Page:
How it works — Every October, FM&T surveys metalcasters to capture the insights, concerns, and expectations of men and women working in North America’s foundries and diecasting plants. We seek to understand not only the current operating circumstances for these enterprises, but also the underlying conditions shaping the businesses, and how these are received and understood by the industry’s decision-makers. We want to take account of the problems the they face in their businesses and the economy, to learn what plans they’re making for the coming business cycle, and to understand better their expectations for the year now approaching.

We surveyed readers by email over a period of four weeks. The results include responses from dozens of readers who represent the full variety of foundries and diecasters: 20.9% named steel (of any alloy or quality) as the principle metal cast at their plant; 19.8% cast mainly gray iron. Ductile iron foundries comprise 16.3% of the respondents; casting aluminum alloys is the main line of business for 18.6% of respondents. While brass and bronze alloys represent 9.3% of the respondents, 15.1% of the respondents cast alloys categorized as “other,” which may include magnesium, titanium, stainless steel, or some other unidentified material.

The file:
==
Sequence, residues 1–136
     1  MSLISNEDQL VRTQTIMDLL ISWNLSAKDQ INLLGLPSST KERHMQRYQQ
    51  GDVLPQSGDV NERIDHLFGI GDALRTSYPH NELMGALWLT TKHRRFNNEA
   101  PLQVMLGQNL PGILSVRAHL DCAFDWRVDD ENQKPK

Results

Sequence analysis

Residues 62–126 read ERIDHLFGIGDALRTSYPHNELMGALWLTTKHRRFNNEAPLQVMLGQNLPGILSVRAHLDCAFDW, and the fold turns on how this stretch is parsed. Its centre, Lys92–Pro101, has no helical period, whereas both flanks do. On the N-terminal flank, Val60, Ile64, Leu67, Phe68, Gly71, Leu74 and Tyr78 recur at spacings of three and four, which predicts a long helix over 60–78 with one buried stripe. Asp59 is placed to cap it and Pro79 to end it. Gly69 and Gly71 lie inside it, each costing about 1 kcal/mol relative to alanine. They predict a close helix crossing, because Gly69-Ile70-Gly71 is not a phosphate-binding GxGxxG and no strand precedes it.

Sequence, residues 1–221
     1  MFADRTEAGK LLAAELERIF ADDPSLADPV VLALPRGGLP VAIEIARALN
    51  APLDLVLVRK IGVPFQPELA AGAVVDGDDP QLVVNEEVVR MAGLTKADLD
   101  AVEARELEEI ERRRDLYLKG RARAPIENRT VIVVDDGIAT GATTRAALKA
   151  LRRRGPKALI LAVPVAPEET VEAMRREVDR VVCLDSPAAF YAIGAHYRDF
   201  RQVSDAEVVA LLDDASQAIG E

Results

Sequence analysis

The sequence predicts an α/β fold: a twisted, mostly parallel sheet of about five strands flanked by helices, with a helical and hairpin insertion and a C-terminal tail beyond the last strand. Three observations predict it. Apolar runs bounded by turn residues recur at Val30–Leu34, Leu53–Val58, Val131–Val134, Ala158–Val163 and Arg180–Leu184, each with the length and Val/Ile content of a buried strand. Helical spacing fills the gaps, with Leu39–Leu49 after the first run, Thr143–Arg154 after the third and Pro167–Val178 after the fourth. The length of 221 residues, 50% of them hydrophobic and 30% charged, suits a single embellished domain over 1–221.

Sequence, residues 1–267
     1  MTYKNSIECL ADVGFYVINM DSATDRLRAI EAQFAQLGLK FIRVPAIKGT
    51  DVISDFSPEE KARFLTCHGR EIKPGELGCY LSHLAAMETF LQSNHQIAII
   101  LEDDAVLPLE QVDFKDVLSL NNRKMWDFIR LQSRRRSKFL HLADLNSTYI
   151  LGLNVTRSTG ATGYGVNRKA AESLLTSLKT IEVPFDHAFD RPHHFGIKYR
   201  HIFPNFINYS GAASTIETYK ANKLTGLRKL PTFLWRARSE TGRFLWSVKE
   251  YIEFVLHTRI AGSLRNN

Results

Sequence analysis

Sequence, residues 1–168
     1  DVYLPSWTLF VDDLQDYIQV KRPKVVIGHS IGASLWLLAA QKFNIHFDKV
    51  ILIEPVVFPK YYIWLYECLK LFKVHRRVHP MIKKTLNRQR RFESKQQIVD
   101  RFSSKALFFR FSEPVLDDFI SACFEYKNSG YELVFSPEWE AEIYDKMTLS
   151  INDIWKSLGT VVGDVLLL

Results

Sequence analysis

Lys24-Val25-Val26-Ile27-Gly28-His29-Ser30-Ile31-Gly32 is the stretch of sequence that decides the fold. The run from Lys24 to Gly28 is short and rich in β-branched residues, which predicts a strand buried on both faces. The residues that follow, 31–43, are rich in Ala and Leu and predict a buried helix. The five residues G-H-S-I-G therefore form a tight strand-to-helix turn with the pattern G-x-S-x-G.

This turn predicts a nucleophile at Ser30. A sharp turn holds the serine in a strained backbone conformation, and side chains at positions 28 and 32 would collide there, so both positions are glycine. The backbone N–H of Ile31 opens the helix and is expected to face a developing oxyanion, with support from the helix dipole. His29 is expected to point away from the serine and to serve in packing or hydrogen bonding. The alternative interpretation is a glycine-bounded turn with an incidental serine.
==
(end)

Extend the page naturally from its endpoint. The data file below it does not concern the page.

Similarly, the survey is designed to portray the full scope of operations active in metalcasting today: 26.7% of the survey respondents are employed at large foundries, with over 250 employees; 24.4% are attached to businesses with 20 to 49 employees; and 19.8% are employed at businesses with less than 20 employees. Another 16.3% are employed by businesses with 50 to 99 employees; and 12.8% are at work for businesses with 100 to 249 workers. Thus, as with the distribution of the metals being cast by the survey respondents’ plants, the full spectrum of employment conditions and concerns are reflected in the survey results. 

Sense of place — We started the Outlook survey by establishing the respondents’ sense of recent and current metalcasting business conditions — using 2017 casting shipment volumes (tonnage) as a frame in which to characterize their estimations. The survey respondents are overwhelmingly positive about their current conditions, as 62.8% indicate the current year’s shipment totals will improve on the 2016 results. Beyond these, roughly a quarter (24.4%) of all respondents believe the 2017 results will be even with the 2016 results. Only 12.8% of the respondents report the current year’s shipment total will fall behind the 2016 results.